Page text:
On Blockbuster

Juan Orozco
Juan Orozco

I rented my first movie from a Blockbuster Kiosk the other day and I started thinking about Blockbuster's survival. It doesn't look very good. It's three generations behind, for crying out loud.

During the early years of the milennia, I said to my dad that Netflix will never replace the in-store experience. Although the in store experience is now a kiosk at every drug store, gas station, grocery store, and truck stop, I'm still sort of correct. Yet, Blockbuster continued to maintain it's storefronts.

Image is from this article on the New York Times. Good illustration on Blockbuster's fall.

Netflix took off with it's mail DVD service back in the day. Blockbuster should have jumped on that QUICK. But, instead, they waited until Netflix had a beachhead. Worse off, they passed up a chance to buy Netflix out. It seems like Blockbuster did the same thing with the kiosk. Redbox owns the market there.

Steaming? I didn't even know Blockbuster had streaming. But so what, I'll be able to rent videos on Facebook soon.

They're just not relevant anymore. They stopped innovating and they're being retired because of it.

The last time I was at a Blockbuster was about 6 months ago to rent a game that my brother and I could play together. It seemed busy enough, but not nearly as busy as it did six years ago when I last visited a Blockbuster.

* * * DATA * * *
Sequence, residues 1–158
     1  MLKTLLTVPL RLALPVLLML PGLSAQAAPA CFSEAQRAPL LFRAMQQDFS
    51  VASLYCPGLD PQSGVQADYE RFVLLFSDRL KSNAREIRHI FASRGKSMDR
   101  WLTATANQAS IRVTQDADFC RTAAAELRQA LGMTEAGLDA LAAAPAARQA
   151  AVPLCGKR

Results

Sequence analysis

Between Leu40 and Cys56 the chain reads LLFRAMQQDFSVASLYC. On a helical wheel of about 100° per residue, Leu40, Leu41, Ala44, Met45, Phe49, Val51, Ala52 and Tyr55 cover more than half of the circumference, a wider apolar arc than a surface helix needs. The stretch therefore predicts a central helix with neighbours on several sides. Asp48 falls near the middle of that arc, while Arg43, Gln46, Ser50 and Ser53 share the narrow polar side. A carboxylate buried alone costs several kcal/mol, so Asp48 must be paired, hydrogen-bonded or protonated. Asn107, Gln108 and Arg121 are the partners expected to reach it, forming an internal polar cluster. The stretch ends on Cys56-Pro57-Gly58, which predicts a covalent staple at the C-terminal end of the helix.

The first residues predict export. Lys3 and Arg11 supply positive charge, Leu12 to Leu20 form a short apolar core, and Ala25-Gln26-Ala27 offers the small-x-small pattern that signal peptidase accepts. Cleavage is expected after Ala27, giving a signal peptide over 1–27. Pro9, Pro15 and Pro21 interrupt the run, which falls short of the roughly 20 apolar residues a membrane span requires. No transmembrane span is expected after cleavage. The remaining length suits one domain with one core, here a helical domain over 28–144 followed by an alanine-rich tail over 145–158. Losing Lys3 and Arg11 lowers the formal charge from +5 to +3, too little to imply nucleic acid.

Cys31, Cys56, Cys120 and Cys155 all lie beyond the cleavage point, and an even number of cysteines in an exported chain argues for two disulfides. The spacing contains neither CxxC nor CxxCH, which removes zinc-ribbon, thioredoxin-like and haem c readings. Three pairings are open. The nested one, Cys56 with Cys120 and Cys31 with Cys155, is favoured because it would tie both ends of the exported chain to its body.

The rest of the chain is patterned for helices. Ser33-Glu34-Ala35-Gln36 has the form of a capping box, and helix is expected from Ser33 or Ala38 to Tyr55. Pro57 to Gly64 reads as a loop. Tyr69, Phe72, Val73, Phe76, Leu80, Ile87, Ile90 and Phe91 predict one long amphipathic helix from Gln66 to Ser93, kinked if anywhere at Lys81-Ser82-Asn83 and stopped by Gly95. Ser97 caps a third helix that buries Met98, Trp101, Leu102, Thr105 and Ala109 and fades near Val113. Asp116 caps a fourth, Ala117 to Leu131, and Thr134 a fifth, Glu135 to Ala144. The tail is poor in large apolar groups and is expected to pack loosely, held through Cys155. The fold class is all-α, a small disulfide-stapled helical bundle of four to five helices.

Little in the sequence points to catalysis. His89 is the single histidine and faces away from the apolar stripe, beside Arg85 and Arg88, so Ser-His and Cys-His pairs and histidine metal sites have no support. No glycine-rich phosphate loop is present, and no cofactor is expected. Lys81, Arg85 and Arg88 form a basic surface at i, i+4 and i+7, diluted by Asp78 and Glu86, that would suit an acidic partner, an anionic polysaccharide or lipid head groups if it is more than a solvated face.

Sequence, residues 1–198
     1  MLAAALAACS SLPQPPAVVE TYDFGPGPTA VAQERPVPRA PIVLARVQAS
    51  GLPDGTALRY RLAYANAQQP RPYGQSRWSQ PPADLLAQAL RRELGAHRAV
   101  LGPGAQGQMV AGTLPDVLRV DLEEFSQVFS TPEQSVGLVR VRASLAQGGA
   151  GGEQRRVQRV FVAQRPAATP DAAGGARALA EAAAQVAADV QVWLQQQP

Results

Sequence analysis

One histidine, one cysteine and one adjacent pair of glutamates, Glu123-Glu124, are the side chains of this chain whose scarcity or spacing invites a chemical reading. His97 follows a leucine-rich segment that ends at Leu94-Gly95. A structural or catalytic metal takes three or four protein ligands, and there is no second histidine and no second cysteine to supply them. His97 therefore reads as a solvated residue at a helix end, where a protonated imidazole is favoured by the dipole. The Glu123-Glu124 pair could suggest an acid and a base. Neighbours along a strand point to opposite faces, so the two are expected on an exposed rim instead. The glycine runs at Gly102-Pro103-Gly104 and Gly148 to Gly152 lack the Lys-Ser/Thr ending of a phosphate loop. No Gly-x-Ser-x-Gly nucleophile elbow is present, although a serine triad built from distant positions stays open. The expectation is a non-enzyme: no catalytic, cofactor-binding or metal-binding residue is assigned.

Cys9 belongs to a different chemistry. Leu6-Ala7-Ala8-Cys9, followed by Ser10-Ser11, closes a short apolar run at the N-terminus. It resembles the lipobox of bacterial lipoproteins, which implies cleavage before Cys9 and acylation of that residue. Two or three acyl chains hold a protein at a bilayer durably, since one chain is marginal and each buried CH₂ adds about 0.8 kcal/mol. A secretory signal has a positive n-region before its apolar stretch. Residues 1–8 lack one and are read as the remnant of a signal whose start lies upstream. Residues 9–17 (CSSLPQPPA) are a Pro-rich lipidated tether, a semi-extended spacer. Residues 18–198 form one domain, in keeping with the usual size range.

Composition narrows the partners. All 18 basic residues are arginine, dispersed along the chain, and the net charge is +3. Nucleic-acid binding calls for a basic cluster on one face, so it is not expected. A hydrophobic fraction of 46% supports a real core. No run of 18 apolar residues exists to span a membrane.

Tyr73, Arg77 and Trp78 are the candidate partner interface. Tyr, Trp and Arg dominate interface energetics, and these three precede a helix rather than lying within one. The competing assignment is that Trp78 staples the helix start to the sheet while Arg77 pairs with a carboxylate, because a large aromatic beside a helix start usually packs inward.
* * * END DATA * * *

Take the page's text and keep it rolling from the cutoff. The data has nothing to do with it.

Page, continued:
It doesn't matter now, but I wonder what will become of the brand. I remember back when I was a kid, employees knew their stuff.  They knew movies and could recommend a good one at the drop of a hat. That culture seems to have waned in an attempt to save money.

If they still can, they need to go back to the movie-geek mentality and embrace it.  That is the only worthy asset they have left and it's something the online video market can't reproduce well.

Close all the storefronts.  Open up in-store indpendant kiosks, a "genius bar" if you will, for movies.  An actual person to talk to about movies at Best Buys, Targets, Walmarts, etc.  Blockbuster will pretty much run that store's movie section.  Plus they still manage the unmanned kiosks (which aren't bad really, but where's the mobile app?!).  As for streaming, Blockbuster should get with Facebook and partner up for the right to display ALL the movie content on Facebook.

There are too many iconic businesses closing down these days.  I hate to see you go, Blockbuster, but it's your own fault.